President Obama recently issued a statement recognizing April as “Sexual Assault Awareness Month.” Good, I thought, after reading the first line. We need a strong leader to speak out against the silence of sexual violence. Then I read the rest. Seems Obama may not be the right guy.
President Obama recently issued a statement recognizing April as “Sexual Assault Awareness Month.” Good, I thought, after reading the first line. We need a strong leader to speak out against the silence of sexual violence.
Then I read the rest.
Seems Obama may not be the right guy.
His statement was such perfunctory milquetoast – you’d think he was issuing a proclamation in support of Girl Scout Cookies.
Oh, he made a few good points – like noting that sexual violence can lead to “long-term health problems and severe emotional harm.”
But while adding that victims “need an array of services,” including “accompaniment to criminal justice proceedings,” he nowhere notes that such accompaniment is rarely needed because most cases reported to law enforcement are never accepted for prosecution in the first place.
Of those that are accepted, a majority are dismissed or resolved without a conviction. Even more disturbing is that few rapists spend any time behind bars.
So while it’s nice to suggest that victims need services, the truth is they already have access to plenty of support – free of charge. What’s missing is justice, a basic right denied victims of sexual violence every day across the United States.
Vice President Joe Biden knows this already. He submitted an important study to Congress in the 1990s, aptly titled “Rape: Detours on the Road to Equal Justice,” in which he noted a gross disparity in prosecution and punishment rates when comparing theft crimes to sex crimes.
Nothing much has changed since then. In fact, if the president’s failure to mention this is any indication, this disparity appears to be widely accepted.
Obama’s statement should have included a federal commitment to real change with regard to these “detours.” Instead, the president made the awkward observation that a victim should receive services “even if [she] chooses not to report the crime to the police.”
While some rape victims are understandably reluctant to report the crime out of fear they will be blamed, shamed or simply not believed, even oblique tolerance for these roadblocks denies victims equal citizenship.
He could have at least said he wanted to combat these problems, or mentioned that he felt frustrated because rape is the most underreported and underprosecuted crime in the United States.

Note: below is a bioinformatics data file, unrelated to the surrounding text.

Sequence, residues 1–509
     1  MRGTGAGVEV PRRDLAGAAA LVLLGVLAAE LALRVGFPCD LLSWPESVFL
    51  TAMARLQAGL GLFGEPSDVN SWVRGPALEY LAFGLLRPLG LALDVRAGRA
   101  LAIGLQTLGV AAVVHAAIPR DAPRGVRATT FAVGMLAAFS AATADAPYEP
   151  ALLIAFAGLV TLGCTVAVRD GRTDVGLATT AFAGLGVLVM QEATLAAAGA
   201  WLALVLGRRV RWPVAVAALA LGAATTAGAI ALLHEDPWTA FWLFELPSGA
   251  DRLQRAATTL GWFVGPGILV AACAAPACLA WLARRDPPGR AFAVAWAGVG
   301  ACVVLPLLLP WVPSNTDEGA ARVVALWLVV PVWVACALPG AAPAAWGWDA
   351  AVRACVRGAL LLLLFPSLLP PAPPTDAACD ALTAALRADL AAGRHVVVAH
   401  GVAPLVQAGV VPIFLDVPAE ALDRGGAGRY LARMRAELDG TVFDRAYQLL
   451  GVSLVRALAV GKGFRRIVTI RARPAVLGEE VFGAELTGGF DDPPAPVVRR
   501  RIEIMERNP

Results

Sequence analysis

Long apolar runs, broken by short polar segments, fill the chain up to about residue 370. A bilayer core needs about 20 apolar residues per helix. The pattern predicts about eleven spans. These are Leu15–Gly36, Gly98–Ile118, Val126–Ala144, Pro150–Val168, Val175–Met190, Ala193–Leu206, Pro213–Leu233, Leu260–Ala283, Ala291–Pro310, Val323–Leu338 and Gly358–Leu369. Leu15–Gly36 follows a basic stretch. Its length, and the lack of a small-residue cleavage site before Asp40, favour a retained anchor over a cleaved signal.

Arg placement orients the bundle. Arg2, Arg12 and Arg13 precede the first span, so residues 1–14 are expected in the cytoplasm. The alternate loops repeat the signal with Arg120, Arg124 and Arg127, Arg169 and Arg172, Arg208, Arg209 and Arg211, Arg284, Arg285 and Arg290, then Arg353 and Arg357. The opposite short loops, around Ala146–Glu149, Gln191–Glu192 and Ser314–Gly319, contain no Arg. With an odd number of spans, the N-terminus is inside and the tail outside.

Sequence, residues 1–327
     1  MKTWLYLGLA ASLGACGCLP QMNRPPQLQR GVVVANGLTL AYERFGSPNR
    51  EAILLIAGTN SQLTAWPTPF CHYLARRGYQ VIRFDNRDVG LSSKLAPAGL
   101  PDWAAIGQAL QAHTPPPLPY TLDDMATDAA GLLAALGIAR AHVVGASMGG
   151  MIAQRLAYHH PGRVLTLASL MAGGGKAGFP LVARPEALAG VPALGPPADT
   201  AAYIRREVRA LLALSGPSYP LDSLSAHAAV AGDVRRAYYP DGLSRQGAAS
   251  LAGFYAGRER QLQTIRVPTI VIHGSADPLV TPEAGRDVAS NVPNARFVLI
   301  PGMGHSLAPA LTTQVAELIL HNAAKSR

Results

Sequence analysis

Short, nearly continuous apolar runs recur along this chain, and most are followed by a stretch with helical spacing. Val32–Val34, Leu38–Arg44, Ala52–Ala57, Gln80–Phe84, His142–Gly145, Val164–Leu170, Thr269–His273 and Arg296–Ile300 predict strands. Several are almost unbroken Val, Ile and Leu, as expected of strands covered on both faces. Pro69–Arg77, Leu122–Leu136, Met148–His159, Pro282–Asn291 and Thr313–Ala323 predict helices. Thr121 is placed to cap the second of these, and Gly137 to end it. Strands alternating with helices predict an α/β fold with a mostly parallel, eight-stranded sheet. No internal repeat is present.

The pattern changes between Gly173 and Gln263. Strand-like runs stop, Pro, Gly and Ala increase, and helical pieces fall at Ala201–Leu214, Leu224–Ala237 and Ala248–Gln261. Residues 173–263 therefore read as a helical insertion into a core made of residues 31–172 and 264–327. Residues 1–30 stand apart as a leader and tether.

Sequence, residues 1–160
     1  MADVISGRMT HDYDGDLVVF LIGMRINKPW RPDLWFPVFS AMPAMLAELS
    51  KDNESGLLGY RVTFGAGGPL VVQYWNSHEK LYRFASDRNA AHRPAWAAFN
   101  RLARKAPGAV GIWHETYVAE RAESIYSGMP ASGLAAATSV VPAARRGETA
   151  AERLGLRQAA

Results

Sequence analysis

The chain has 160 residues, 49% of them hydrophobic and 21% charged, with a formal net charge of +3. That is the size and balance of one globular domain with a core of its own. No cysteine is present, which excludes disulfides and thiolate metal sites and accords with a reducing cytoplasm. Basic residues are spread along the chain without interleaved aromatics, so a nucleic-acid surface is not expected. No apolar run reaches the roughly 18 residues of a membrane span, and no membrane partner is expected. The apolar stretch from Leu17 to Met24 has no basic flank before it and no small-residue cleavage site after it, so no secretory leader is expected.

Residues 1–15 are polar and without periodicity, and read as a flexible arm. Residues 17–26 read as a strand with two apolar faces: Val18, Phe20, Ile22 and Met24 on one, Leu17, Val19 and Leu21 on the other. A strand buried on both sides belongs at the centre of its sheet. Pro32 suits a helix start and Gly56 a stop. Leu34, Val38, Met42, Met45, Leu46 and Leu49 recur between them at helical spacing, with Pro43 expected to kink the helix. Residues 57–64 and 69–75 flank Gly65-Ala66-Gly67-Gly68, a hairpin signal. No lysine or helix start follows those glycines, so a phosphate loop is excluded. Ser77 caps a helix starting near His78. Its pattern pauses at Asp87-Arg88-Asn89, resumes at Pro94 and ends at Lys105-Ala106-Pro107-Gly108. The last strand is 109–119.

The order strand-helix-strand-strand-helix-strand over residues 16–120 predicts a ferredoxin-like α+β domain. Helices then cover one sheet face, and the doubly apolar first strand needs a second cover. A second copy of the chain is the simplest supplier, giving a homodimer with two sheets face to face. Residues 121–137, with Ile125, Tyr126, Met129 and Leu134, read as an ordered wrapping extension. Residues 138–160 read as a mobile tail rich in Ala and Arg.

But he didn’t.
If that isn’t bad enough, Obama’s silence on the growing problem of child sex abuse was deafening, especially in light of the past decade’s spike in demand for child porn because of the Internet. While child sex abuse need not have been the president’s key focus in a statement about “Sexual Violence Awareness Month,” it was worth a mention.
The worst thing by far, however, was Obama’s inexplicable failure to use any language suggesting that rape is a human rights violation, one that undermines women’s equality of citizenship.
You’d think that with Joe Biden’s expertise on the issue, and Obama’s personal background, he would understand particularly well the right of all human beings to be free from targeted violence.
Judging by his recent comments during the NATO summit in France on a proposed law in Afghanistan that would legalize the rape of a wife by her husband, Obama clearly appreciates the way that sexual violence interferes with basic freedoms for women.
He called the law “abhorrent” and disrespectful to “human rights.” Hmmm. Maybe our president thinks women in other countries, but not this one, have a “human right” to be free from sexual violence.
Calling for more “awareness” about sexual violence is a good idea. But a statement that fails in so many basic ways to tell the truth about such a serious problem is a sign that either Obama doesn’t really want a whole lot of “awareness,” or he needs to start letting Joe Biden handle the issue.
I’ll give Obama the benefit of the doubt for now – and assume the statement wasn’t a reflection of how he really feels. I admit, though, that I’m worried that he won’t really “get it” until someone whispers in his ear that if black victims of racist violence were systematically being denied legal redress, he would refuse to sign a proclamation that didn’t start with the phrase “human rights” and end with a firm condemnation of “unequal justice.”
Wendy Murphy is a leading victims rights advocate and nationally recognized television legal analyst. She is an adjunct professor at New England Law in Boston and a radio talk show host. She can be reached at email@example.com.